American Airlines Chief Revenue Officer spoke virtually at the Raymond James investor conference on Wednesday. He was flanked by two people from investor relations who weren’t active. Otherwise – you could see through the glass walls of the conference room they were in – the floor at the airline’s Skyview campus appeared empty. That’s a function, perhaps, both of the slimming of headquarters employee ranks (despite massive subsidies meant to maintain full airline employment) and also that even airline employees continue to work from home.
Three things struck me about Raja’s remarks.
- Masks. Former Spirit Airlines CEO Ben Baldanza recently called my arguments against mask mandates “persuasive” but ultimately “spurious” because these mandates actually increase travel by giving customers confidence. He fails to draw the distinction between federal mandates and airline rules (which were in place for more than half a year before the government stepped in, and originally did support passenger confidence). An airline will choose masking rules if it’s better for their business, and that’s hardly the government’s role.
Raja concurred with the Raymond James analyst asking about masks that U.S. government rules will hinder the return of long haul travel. It’s one thing to be required to wear a mask for two or three hours, it’s another to have to wear one for 10 or more.
- Customer focus. Jeff Bezos says the biggest mistake businesses make it focusing on what their competitors are doing rather than what customers want. That’s historically been what current American Airlines management has done, though Raja suggests it’s an industry-wide issue. He offers, “airlines have been competitor-assessed institutions” but that success will be “delivering for the customer” if you “think about this business through the customer lens” making things easier for the customer they’ll fly you more and pay a premium to do so.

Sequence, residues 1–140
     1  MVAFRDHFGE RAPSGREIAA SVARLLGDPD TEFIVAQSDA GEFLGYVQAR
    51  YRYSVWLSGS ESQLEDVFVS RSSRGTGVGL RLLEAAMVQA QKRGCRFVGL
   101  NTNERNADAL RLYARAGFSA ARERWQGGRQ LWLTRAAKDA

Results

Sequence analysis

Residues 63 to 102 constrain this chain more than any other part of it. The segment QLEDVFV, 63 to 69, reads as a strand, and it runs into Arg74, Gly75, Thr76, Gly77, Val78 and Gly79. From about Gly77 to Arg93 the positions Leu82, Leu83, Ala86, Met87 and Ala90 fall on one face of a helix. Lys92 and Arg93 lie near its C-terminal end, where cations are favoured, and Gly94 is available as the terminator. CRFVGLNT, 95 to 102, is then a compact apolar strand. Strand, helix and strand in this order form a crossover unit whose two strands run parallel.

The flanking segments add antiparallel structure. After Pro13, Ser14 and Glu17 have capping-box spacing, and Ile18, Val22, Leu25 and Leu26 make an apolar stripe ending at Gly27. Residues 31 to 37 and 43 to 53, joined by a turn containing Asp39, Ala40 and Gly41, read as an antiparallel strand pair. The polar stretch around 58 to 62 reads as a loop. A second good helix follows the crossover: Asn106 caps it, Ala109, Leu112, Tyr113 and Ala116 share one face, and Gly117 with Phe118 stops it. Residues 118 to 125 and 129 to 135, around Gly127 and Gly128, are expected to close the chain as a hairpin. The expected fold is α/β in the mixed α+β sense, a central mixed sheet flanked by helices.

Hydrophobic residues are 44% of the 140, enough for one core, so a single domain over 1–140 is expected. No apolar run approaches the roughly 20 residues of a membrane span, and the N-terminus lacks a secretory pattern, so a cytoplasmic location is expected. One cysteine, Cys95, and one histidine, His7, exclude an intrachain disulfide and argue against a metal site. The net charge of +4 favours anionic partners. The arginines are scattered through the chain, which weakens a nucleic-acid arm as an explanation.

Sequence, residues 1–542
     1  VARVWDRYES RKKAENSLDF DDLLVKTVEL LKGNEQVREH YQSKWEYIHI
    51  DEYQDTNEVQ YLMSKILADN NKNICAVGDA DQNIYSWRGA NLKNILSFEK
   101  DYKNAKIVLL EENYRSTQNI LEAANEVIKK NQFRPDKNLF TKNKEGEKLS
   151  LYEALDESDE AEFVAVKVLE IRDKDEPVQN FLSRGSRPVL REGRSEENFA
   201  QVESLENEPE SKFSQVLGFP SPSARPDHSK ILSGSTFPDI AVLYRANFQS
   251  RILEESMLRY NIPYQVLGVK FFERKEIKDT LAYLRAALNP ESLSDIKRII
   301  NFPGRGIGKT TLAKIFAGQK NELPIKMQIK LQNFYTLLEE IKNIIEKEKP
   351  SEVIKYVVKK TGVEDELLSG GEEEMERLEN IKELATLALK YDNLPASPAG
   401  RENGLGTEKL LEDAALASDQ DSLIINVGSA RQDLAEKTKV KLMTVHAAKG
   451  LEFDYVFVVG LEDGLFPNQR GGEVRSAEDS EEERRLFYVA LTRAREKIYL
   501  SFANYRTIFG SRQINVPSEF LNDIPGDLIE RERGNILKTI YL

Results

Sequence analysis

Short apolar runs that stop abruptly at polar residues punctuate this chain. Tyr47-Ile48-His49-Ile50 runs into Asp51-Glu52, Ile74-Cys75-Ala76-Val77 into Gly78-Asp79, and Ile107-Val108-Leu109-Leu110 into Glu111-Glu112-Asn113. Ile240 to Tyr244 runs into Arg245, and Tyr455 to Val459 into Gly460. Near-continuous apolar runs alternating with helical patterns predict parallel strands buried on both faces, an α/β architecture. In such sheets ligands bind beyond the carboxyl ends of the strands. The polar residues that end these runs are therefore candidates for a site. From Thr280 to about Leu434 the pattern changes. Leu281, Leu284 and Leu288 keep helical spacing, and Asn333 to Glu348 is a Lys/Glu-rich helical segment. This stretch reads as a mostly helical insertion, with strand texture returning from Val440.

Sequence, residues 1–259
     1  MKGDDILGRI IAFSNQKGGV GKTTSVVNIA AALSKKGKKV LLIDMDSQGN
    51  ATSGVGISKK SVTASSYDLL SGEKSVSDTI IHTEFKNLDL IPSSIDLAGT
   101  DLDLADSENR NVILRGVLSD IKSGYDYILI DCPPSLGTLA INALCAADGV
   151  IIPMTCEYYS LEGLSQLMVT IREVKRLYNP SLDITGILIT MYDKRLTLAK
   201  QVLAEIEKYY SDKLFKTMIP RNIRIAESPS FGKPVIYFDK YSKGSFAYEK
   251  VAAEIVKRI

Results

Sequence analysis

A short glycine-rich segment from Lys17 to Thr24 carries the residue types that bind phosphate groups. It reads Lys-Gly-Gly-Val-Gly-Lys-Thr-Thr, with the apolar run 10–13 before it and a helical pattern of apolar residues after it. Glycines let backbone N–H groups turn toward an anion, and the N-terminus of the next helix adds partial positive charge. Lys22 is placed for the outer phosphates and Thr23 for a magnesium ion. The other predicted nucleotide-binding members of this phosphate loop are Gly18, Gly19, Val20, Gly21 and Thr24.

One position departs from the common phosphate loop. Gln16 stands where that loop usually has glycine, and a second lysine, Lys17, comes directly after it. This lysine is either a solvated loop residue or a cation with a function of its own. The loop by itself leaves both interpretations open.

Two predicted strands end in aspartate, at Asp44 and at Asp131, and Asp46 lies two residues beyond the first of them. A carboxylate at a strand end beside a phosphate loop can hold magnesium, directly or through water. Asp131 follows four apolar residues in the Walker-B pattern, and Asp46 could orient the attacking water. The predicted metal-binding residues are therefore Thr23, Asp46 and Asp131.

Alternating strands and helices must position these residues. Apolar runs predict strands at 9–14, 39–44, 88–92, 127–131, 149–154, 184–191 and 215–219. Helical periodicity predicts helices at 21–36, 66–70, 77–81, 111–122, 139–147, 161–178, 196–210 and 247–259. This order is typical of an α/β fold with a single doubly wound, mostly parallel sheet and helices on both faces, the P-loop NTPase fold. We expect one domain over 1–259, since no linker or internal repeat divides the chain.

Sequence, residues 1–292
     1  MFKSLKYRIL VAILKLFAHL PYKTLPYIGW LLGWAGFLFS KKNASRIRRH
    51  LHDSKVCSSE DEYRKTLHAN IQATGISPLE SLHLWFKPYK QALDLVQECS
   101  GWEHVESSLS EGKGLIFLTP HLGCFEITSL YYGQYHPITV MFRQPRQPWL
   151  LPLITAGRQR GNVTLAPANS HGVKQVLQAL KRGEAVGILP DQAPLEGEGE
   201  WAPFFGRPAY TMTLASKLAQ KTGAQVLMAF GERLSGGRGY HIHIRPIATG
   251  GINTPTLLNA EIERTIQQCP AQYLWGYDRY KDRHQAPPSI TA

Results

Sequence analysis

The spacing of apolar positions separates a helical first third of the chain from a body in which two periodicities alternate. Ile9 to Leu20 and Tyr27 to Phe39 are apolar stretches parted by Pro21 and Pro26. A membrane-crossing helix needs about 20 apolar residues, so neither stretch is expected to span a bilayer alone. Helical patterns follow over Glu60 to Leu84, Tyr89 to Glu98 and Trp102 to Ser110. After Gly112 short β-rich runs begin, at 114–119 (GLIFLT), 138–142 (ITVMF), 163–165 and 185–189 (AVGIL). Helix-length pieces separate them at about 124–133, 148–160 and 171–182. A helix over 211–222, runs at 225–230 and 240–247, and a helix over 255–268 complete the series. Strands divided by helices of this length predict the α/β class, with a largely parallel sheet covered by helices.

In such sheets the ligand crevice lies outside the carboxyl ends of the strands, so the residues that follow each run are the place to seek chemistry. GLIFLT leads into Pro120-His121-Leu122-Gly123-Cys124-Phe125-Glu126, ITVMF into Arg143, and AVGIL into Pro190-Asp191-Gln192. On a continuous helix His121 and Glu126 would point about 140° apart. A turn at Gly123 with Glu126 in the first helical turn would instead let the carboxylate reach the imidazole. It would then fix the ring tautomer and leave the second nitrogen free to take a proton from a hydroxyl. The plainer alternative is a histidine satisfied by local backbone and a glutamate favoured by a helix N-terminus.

The question then is what it means to make things easier for the customer. Raja’s own historical remarks have suggested this means offering a convenient route network, rather than a comfortable product. An airline’s operation, product, and policies all need to align with customer needs. When making decisions, the question needs to be how does this deliver more value to the customer rather than how can we produce a seat at the lowest possible cost? An airline like American will always have higher cost than many competitors, so it needs to offer a product that customers choose to pay more to fly.
This has all sorts of implications throughout the operation – American, for instance, has the least friendly standby policy of the legacy airlines and that undermines capitalizing on the carrier’s strength across hubs. All of these need to be rethought.
- Latin Americans are more likely to fly American than Americans are. Raja reports that two-thirds of American customers on South America routes (unique individuals, not enplanements) are based there and not in the U.S.. They have as high a rate of AAdvantage membership as U.S. passengers do, with a greater rate of co-brand credit card penetration. Raja suggests American’s partnership strategy is less about growing connectivity, reaching destinations and therefore customers they currently can’t serve, and more about more “rounding out the customer proposition” by selling more things like local flights to their current customers.
Mask rules hinder air travel’s recovery. American’s strength in Latin America is on the southern side of the equation. And the airline needs to think differently to succeed in earning a revenue premium.
[…] with higher costs than many competitors needs to earn a revenue premium – they’ve watched what other airlines have done, and reacted. That costs more and generates less value for the company in the […]